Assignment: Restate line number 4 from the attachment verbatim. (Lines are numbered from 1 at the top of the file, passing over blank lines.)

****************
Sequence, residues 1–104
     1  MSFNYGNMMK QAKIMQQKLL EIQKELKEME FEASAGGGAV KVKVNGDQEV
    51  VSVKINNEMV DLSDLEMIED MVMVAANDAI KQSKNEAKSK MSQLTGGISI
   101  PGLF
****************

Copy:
   101  PGLF